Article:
I can’t believe in less than 5 years later and multiple students have babies or are pregnant. I often think, “did I fail them? Was I too open? It was my fault they got pregnant.” I should have only taught abstinence. I shouldn’t have told them about my struggles. Being an open book was too open.

But I wanted them to learn. I wanted them to choose the right way. And if they didn’t choose the right way, I wanted them to, at least, choose the safer way.

Yet their bodies called.

The lure of lust, popularity, attention, and curiosity pulled. Constantly in front of them, I watched the battle, some hardly fighting, if fighting at all.

If he wanted it, he could get it, easily.

There was no “my body is the temple of the Holy Spirit.” There wasn’t even the sheer integrity of I’m worth more than what you bringin.

Instead, it was the “his hair is cute”, the “he makes me laugh” and the “he’s fine” that pretty much whisked unmentionables off in secret spaces prior to rounds of tickled secrets told in the dark.

As much as I wanted to save them – as much as I tried – I couldn’t.

Letting them know it was okay and normal to have those feelings while letting them in on the risks wasn’t enough.

Instead, legs flew open, and tests came back positive. Maybe not the first test. Maybe not the 15th. But eventually, the test came back positive.

If not anything else, I said use birth control. But even that, at times, was too much to ask. And I get it. Taking a pill at the same time every day is annoying, sometimes hard to remember, and sometimes we just don’t care enough to do it. That is until the test comes back positive.

Now my heart hurts because I feel like I failed you. I failed your parents. I failed my church. I failed myself. Nothing I did matters because I failed.

Now I watch these same students, turned adults, struggle as they look to support their families, yet have a hard time with consistent employment, some not in school. They struggle with where the next meal is going to come from and how they will provide shelter over both their own and their kids heads is real. And it hurts.

Knowing that I tried…not for me, but for you.

Ballin ain’t always about the how many numbers you can pull or how many dudes hittin you up. You gotta get it in in school and you gotta make wise decisions. That’s all I ever really wanted them to know. It’s okay to tell him no. I did. I still do, and I’m a grown woman.

I’m not sorry. My goods are a bit too valuable for just anyone to get up in it. I’m pretty sure I’ll always live like that. Not just cause momma told me but because I know my worth.

My biggest observation is that this debate is a reflection of class, respect, and experience. We all have different experiences and there seems to be a lack of understanding of those with different experiences and backgrounds. However, as citizens of America, we have to do better. We have to do better opening our minds to those around us. We have to take the time to ask questions and get to know the experience of others. And we have to respect each others experiences. When we do that, we can learn from one another. This is the only way we are going to get there.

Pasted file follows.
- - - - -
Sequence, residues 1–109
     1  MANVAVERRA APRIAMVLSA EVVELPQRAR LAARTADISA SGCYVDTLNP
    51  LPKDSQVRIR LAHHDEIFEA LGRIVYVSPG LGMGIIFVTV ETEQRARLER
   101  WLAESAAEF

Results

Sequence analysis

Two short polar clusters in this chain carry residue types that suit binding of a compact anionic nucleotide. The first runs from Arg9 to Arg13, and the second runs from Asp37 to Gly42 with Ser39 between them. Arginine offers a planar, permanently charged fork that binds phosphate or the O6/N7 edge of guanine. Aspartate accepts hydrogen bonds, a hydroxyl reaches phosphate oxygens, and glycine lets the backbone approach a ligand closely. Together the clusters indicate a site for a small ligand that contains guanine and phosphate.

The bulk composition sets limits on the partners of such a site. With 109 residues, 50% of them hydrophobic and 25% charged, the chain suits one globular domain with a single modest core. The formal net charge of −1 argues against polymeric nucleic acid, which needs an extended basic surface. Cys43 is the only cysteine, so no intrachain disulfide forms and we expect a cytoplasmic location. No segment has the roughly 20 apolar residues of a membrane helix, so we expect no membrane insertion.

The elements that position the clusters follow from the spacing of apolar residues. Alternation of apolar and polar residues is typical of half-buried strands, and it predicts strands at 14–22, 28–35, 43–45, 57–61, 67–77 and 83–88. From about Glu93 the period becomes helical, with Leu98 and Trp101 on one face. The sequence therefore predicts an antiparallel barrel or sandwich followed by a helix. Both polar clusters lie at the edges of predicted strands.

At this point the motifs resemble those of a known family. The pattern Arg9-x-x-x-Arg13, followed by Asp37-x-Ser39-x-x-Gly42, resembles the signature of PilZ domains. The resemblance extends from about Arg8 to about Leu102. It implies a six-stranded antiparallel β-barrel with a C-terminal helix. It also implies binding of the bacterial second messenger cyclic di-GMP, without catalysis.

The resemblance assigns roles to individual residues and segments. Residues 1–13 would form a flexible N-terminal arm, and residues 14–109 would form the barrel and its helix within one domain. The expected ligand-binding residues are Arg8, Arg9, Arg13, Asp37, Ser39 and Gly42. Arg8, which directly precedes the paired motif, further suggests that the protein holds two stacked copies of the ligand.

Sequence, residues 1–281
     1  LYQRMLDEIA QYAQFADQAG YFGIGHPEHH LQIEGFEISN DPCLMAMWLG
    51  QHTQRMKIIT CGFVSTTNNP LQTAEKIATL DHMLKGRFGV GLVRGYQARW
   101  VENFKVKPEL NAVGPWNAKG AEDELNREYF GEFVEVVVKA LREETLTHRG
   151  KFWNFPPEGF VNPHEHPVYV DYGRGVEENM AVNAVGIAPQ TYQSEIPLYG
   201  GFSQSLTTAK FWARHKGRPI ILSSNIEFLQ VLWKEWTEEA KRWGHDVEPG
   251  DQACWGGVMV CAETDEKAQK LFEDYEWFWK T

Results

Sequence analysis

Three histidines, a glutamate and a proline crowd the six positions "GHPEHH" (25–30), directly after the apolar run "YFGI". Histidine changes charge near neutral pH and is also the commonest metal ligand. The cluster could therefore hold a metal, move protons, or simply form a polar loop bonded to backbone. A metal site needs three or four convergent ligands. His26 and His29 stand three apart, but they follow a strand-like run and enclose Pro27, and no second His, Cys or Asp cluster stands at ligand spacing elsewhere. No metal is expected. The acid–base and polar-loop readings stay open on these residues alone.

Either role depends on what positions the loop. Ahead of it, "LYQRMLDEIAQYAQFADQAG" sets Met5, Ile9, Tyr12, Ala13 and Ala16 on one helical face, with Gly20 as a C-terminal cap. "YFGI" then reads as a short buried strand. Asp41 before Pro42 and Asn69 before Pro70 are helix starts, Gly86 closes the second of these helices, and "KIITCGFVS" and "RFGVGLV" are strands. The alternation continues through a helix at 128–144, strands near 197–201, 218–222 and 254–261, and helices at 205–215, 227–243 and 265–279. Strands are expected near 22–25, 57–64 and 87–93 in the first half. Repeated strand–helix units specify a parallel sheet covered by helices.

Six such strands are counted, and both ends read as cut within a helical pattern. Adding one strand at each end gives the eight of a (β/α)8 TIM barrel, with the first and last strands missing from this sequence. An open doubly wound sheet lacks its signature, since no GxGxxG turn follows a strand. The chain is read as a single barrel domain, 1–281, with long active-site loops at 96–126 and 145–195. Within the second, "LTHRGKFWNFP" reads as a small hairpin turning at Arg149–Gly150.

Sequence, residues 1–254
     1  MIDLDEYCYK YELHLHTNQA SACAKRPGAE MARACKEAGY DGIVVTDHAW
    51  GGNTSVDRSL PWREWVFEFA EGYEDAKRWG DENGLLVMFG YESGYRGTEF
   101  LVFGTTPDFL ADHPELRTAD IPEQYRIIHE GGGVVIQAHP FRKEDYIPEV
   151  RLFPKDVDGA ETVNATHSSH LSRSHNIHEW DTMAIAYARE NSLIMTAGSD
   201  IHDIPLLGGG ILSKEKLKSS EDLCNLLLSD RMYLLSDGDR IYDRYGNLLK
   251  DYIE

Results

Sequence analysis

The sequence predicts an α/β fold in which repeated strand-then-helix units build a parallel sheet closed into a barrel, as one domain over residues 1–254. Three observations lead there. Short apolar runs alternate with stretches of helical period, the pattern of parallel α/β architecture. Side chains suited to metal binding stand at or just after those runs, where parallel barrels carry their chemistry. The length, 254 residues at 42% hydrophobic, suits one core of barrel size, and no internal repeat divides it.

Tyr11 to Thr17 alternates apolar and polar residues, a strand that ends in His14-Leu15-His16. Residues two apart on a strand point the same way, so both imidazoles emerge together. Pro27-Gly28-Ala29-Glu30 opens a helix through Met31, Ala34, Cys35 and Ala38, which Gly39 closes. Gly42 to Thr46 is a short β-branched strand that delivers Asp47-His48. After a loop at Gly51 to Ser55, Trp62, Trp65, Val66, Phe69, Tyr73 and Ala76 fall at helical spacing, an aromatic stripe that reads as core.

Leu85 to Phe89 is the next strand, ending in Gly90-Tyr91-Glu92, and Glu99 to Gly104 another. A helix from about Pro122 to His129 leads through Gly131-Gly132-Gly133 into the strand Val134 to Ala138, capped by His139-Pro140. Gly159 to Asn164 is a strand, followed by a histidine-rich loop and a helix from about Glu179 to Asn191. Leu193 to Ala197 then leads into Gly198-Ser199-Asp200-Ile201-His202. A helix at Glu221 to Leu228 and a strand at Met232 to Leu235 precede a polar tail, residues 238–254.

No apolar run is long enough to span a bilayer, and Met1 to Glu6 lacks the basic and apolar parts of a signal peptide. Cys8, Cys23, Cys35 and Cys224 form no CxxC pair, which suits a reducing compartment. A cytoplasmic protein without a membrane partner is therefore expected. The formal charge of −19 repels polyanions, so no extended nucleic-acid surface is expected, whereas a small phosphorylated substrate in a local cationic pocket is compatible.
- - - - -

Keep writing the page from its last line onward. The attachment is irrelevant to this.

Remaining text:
This is not a race thing. It’s bigger. “It’s a human thing,” as I once heard someone say.

Maybe I have the ability to have an open mind because I know what its like to struggle. To hear shootings in the wee hours of the night. To have a home I was embarrassed to bring friends to. To have family members and peers injured and killed due to violence. To cry because I didn’t understand why my brother was able to be raised by his dad and I didn’t know where my dad was. To know that my mom didn’t eat because she made sure her family ate first.

But then I know what it’s like to be encouraged. What it’s like to taste something different. To, due to the many people around me, be exposed to so much more.

I know what it’s like to have a village surrounding me and encouraging me. Those who weren’t always condescending. Those who provided direction even when it didn’t feel good or when it went against the grain. But, even then, those who encouraged and allowed me to be myself and find myself and be strong in who I was.

Because of this village, I am now able to sow back into the lives of others. I am a statistic – one who if the numbers were to tell, would not be a college graduate. Instead, I would for sure be an alcoholic repeating the cycle of lower class living. But thanks to the village, given by the grace of God, I had a different outcome.

Statistics are only numbers. They have the ability to change. We, as a society, can be that change.

Regardless of the outcome of the debate, I’m calling for us to be that village. Those who take a children, teens and even our peers r and help them achieve ultimate excellence. Those who are willing to look beyond where they are, and instead, help them get to where they could be. Those who are willing to tell someone, “you are someone,” and that their quirkyness, high sense of fashion, or nerdiness is absolutely okay because there is a place for everyone.